Thursday, February 27, 2014

Winter Ends March 18

I feel pretty confident in stating the end of this year’s stupefying winter. Disney’s Frozen comes out on DVD and Blu-ray March 18. That is when they will end this nearly four-month long publicity stunt.

When the animated film slid past the $300 million mark on January 8, I thought they would turn the polar vortex machine off and give us all a little thaw. Then they re-released a sing-a-long version – so they kept the weather machine on ice (which means the opposite of what it usually does when you’re talking about a weather machine.) I thought this might end last week, but they announced the release date for take-home units and boom – the return of the Winter Kingdom (as it is called in South Korea, where the movie is setting records without all the weather-related promotion.)

 My theory is that Walt met with Nikola Telsa at the New Yorker hotel in 1943. Walt agreed to back a number of Tesla’s projects, knowing that a lot of them were going to be perfect for his grand amusement park plans. Tesla dies soon after. Nearly all of his personal notes were nowhere to be found. Of course, no one thought to look in Hollywood. (A great sequel to Savings Mr. Banks would be Nearly Saving Nikola.)

 Disney used Tesla’s weather machine sparingly – just a nudge here and there to help make the worthless swampland he bought in Florida habitable. His successors saw things differently in late 2013, leading us to the Frozen winter of ‘13-14.

 I’m asking Disney to turn the damn thing off if I pre-order the combo set. I’d like to let it go, let it go, but the cold does bother me anyway.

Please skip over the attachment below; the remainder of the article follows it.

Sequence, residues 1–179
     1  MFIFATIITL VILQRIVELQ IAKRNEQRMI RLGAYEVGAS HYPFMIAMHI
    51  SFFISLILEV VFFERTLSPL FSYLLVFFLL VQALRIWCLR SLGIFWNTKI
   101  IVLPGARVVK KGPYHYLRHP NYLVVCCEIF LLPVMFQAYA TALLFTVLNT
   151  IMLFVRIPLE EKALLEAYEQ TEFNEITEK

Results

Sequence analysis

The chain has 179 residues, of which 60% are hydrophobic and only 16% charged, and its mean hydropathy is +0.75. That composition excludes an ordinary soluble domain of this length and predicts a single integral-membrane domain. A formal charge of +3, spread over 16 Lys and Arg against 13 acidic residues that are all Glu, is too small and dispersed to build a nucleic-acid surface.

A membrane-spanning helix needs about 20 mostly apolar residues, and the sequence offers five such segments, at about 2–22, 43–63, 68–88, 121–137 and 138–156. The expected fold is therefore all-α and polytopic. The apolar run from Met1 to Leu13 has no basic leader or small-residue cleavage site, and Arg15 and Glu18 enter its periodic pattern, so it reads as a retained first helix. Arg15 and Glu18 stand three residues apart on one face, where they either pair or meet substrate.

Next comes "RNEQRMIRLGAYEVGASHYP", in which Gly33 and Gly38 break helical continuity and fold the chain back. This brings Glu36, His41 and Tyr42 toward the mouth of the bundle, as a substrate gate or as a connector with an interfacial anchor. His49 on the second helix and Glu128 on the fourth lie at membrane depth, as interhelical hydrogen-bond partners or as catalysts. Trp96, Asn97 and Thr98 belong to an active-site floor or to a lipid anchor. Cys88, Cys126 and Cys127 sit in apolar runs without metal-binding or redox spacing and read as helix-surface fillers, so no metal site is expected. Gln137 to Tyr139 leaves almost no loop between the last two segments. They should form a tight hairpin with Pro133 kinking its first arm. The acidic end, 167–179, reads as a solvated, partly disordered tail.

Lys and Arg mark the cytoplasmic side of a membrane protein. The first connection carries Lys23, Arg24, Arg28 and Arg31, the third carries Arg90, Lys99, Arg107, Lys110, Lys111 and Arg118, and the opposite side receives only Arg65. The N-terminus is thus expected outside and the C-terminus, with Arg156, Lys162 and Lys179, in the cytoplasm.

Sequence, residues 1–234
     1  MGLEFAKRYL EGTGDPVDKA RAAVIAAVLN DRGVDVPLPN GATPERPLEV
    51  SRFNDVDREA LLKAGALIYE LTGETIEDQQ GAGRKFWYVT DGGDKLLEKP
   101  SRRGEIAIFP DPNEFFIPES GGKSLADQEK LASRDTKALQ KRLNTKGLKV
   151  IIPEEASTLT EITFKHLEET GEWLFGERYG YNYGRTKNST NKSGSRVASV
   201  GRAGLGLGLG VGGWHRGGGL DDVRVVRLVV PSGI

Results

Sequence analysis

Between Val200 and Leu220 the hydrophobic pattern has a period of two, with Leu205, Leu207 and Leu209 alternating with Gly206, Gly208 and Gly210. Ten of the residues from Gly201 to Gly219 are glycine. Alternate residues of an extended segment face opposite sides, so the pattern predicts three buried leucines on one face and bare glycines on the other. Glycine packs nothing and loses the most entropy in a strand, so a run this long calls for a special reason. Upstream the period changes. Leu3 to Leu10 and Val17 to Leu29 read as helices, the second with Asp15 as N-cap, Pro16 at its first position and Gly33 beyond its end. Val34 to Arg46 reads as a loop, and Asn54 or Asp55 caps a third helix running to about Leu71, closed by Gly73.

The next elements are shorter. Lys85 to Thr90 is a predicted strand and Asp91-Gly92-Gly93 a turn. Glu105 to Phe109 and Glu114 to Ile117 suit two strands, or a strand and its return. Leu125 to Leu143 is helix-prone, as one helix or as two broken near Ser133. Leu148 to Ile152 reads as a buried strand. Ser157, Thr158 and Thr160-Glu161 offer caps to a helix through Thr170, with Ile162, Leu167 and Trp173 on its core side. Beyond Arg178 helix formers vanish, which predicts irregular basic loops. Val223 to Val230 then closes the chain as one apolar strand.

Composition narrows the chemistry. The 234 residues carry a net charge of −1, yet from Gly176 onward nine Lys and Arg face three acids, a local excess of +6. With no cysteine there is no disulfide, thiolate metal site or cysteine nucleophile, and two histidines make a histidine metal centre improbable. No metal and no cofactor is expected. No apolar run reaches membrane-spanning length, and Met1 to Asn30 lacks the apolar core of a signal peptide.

Monday, February 17, 2014

Under Siege

I have been losing ground in the house for several years. The toys have been spreading from the family room out like a plastic Sahara, advancing its primary colors into the kitchen, living room and, gasp, master bedroom. I’ve long faulted myself for lack of diligence. I had a one-toy rule for a long time. I’m still wondering what happen to it. Like my good flashlight or the key to the side door, I feel it here, around me, but of no use. And so the toys perpetuate their campaign, but I no longer blame only myself.

Yesterday, my eight-year-old Max built a Lego ambassador and sent him to the Skylanders. I overheard the meeting. They vowed an alliance, whereby they would work together to overthrow the house and subjugate (my word) the humans. Our time had passed. We could still pay for the food, heat and water; we could no longer rule.

I’m not really afraid of Lego and the Skylanders. Sure, they freakin’ sting when you step on them, but I can take ‘em. They know this, though. The Legos assembled another ambassador and sent him upstairs, to the girl’s room.

The Skylanders and Lego want to enlist the American Girls into their cause. (Nina, the girl of said room, thought this was hilarious.) There’s nine of those charming witches. They are indestructible, in that they’re too pretty and too valuable to injure.

The vacation week has just begun.

If this pact holds all is lost.

If this pact holds all is lost.